Japan Times, October 8, 1964
Japan Times, October 8, 1964

Nicola Zappeti, recently released from prison, found himself in Tokyo in the late 1950s with nothing but a notion that Japan needed a pizzaria. And so he cajoled enough friends and acquaintances to provide him with funds to start an Italian restaurant, despite the fact that the only thing he knew about the restaurant business was that he liked Italian food. From nothing, Zappetti created a culinary icon, explains author and old Japan hand, Robert Whiting describes in his book, “Tokyo Underworld – The Fast Times and Hard Life of an American Gangster in Japan“.

“Nicola’s was still the attraction. It now occupied an entire newly constructed three-story concrete building with forty large tables, two blocks from its original location and a stone’s throw from the opulent new Hotel Okura, modeled after an ancient Kyoto palace and adjudged to be the finest hotel in the world. The restaurant had made Roppongi synonymous with pizza.

tokyo underworld“Although Crown Prince Akihito and Princess Michiko had subsequently curtailed their pizza-eating excursions to concentrate on the task of producing an heir to the throne, Nicola’s remained a Who’s Who of Tokyo and international society. On any given night,

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Life Magazine, 11 September 1964
Life Magazine, 11 September 1964

“Bowling is the hottest new sports fad in Japan, and Tokyo has the biggest bowling center in the world, with 120 lanes. This monster, the Shinagawa Bowling Center, is open until 3 in the morning. It attracts, in addition to serious bowlers, a good many beatniks and nightclub hostesses after the clubs have closed. Other bowling lanes where a little English is spoken include the Tokyo Bowling Center, right next to Meiji Olympic Park, Tokyo Bowl at Tokyo Tower and the Korakuen Bowling Arena in Korakuen Park. Reservations are necessary, especially at night. All of these places have restaurants and bars, but the food is not recommended. Bowling costs a steep 60¢ to $1 a line.” Sports Illustrated – July 6, 1964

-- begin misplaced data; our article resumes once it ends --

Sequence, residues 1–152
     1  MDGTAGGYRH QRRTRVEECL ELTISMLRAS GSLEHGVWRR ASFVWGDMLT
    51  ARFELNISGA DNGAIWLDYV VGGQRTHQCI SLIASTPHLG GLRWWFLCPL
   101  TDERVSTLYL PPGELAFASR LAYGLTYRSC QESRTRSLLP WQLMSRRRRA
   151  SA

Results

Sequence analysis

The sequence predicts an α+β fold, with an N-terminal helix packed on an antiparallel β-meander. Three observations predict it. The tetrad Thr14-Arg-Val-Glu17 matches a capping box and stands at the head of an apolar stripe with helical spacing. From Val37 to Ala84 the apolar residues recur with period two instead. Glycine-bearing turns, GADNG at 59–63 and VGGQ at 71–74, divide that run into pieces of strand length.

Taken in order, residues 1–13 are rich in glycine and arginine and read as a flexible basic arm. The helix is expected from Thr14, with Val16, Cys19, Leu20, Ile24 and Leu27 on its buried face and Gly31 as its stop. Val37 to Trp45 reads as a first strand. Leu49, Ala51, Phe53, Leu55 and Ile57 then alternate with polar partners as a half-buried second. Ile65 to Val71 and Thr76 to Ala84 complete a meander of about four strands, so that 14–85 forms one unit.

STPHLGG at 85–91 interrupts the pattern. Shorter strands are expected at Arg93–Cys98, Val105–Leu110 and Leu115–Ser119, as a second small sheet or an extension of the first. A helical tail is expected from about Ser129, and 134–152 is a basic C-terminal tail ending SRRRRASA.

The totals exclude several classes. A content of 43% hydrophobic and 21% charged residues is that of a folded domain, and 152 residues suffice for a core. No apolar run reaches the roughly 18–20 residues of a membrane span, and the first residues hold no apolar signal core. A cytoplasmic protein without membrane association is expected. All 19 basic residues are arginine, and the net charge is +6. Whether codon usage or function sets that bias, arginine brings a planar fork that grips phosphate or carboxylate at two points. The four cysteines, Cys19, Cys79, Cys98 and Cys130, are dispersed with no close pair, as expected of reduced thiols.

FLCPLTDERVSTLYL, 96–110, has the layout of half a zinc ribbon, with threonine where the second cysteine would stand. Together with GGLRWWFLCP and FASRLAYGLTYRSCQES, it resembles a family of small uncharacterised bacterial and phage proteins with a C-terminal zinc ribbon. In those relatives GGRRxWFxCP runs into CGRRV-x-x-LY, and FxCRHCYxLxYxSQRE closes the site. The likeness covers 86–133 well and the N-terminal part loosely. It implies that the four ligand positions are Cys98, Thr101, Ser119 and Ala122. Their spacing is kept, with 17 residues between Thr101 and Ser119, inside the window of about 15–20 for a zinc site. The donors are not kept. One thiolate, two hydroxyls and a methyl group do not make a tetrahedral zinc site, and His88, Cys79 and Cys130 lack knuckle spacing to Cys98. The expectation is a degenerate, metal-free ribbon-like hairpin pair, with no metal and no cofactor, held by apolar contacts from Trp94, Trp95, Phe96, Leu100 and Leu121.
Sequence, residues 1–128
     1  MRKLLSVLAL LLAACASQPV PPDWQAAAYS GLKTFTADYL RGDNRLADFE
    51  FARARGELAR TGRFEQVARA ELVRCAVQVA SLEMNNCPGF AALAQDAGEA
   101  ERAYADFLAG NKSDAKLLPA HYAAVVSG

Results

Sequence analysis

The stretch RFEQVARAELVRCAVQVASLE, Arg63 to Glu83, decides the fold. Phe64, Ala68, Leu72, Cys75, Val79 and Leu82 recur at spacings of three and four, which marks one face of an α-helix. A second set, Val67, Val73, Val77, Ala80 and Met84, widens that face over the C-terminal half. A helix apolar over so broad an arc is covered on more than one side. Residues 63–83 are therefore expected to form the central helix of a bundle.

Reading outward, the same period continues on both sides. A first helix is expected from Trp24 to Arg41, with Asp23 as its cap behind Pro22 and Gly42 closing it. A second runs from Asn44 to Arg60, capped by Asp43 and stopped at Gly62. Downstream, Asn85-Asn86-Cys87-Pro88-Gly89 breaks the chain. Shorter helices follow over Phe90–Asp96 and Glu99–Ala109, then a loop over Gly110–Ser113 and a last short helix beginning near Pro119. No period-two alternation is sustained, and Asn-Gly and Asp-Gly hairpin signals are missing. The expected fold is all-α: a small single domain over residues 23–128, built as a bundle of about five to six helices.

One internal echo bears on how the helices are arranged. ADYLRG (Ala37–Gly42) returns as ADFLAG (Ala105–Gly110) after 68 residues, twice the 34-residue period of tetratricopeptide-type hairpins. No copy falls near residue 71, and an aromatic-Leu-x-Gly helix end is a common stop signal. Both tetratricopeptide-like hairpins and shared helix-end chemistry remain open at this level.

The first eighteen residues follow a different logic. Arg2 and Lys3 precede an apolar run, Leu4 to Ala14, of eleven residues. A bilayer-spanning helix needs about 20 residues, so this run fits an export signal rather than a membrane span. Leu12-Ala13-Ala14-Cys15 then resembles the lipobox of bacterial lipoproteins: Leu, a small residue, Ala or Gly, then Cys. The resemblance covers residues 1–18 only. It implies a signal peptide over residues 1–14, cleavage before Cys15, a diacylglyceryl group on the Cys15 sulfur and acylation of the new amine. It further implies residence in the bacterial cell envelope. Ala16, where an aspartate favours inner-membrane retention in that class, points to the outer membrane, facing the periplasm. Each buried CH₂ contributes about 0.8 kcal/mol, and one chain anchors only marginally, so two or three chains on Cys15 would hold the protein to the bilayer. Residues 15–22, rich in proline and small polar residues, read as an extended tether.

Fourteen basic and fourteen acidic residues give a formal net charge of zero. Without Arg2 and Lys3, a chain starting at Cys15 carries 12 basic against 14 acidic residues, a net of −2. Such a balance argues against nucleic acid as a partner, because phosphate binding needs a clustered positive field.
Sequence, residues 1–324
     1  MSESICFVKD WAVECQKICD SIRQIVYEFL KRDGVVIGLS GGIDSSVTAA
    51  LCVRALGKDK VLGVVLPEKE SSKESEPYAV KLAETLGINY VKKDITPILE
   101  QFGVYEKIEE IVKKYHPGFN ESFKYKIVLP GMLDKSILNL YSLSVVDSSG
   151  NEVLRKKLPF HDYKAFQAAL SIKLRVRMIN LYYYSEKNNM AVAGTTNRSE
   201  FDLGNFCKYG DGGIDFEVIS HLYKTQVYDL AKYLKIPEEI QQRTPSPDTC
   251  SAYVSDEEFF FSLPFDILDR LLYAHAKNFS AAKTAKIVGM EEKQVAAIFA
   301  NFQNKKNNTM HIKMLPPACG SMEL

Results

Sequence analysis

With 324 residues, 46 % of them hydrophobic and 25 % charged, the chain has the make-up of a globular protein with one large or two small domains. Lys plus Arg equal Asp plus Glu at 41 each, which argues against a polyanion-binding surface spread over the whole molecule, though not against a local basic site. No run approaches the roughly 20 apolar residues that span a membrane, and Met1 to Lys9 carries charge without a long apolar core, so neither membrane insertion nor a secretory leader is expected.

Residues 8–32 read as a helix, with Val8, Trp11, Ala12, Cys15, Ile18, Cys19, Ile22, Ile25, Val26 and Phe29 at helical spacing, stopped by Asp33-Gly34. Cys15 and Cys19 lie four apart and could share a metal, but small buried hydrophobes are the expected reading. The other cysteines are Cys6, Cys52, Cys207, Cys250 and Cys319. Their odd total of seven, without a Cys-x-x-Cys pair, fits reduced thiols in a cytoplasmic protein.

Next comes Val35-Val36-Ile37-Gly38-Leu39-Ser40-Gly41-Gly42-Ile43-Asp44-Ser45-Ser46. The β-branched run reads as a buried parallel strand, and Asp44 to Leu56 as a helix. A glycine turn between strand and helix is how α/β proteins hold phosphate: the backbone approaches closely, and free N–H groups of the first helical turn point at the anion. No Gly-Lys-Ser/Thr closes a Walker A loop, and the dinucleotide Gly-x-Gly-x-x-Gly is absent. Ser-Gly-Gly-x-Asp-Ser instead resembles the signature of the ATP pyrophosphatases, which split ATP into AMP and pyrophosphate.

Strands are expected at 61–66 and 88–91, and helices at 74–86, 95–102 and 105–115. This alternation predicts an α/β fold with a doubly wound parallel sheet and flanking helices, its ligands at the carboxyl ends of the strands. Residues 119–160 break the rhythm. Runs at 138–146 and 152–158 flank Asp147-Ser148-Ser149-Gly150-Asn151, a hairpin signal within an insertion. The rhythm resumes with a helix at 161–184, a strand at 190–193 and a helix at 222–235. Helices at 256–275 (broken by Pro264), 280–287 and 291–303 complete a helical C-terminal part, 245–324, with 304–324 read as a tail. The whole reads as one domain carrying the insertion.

I went to a birthday party at this bowling alley last April. I bowled one of my best games ever – 158.

Don Draper is tired of settling for mid-sized clients. He wants to work on the best projects with the biggest players in the world. He sets up a meeting with Dow Chemical, whose CEO is happy with another ad agency, and has no desire to talk with Draper. But Draper taps into the competitive drive inherent in effective leaders. Like high performance athletes, Don doesn’t settle for winning, or just being happy. He wants to win, big, on the biggest stage.

Dow CEO: It doesn’t change the fact that we’re happy with our agency.

Draper: Are you? You’re happy with 50%? You’re on top and you don’t have enough. You’re happy because you’re successful. For now. But what is happiness? It’s a moment before you need more happiness. I won’t settle for 50% of anything. I want 100%. You’re happy with your agency? You’re not happy with anything. You don’t want most of it. You want all of it. And I won’t stop until you get all of it. Thank you for your time.

The top pop songs of 1964 were:

1.  “I Want to Hold Your Hand” The Beatles
2.  “She Loves You” The Beatles
3.  “Hello, Dolly!” Louis Armstrong
4.  “Oh, Pretty Woman” Roy Orbison
5.  “I Get Around” The Beach Boys
6.  “Everybody Loves Somebody” Dean Martin
7.  “My Guy” Mary Wells
8.  “We’ll Sing in the Sunshine” Gale Garnett
9.  “Last Kiss” J. Frank Wilson and the Cavaliers
10. “Where Did Our Love Go” The Supremes

No surprises. But according to swimmer Dick Roth, gold medal winner of the Men’s 400 meter individual medley race in Tokyo, the song he remembers from that time is Lonnie Donegan’s  “Does Your Chewing Gum Lose it’s Flavour?”